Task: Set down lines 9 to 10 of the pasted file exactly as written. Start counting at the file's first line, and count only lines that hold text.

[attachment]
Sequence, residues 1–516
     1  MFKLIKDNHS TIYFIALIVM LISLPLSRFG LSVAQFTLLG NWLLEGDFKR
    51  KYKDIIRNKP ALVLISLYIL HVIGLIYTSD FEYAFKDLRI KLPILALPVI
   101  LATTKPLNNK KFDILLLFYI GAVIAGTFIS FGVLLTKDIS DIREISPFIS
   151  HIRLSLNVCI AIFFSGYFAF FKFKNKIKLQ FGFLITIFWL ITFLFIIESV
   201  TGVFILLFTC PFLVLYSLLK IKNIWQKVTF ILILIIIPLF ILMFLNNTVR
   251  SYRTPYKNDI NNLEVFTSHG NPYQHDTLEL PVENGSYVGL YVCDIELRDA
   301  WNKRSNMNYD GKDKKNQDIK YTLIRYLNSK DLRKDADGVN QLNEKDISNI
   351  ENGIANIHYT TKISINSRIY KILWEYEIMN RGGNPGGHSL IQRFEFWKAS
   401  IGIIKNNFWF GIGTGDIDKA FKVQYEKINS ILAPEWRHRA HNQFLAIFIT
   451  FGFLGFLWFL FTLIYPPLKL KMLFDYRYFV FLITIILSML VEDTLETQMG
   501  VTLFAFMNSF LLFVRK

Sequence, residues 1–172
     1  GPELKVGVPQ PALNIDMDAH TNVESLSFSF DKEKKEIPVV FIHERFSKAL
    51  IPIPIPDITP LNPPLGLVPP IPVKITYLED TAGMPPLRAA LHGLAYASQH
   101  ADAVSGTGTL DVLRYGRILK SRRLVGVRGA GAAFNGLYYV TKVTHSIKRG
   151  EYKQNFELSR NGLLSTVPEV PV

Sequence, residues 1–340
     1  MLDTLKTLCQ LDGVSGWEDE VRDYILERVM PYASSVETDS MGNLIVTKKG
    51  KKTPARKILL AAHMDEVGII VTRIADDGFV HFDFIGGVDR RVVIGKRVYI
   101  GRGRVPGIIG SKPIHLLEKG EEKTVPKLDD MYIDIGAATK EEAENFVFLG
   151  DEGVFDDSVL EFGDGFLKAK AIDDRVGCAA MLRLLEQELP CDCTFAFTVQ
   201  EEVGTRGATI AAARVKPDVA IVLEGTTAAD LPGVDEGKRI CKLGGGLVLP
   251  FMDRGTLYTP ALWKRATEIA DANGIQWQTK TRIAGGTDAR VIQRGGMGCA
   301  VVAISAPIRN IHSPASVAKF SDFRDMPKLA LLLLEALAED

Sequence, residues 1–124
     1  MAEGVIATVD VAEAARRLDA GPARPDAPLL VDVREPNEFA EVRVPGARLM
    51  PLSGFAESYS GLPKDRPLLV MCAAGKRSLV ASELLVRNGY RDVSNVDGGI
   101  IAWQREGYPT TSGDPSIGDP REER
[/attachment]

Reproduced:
   351  ENGIANIHYT TKISINSRIY KILWEYEIMN RGGNPGGHSL IQRFEFWKAS
   401  IGIIKNNFWF GIGTGDIDKA FKVQYEKINS ILAPEWRHRA HNQFLAIFIT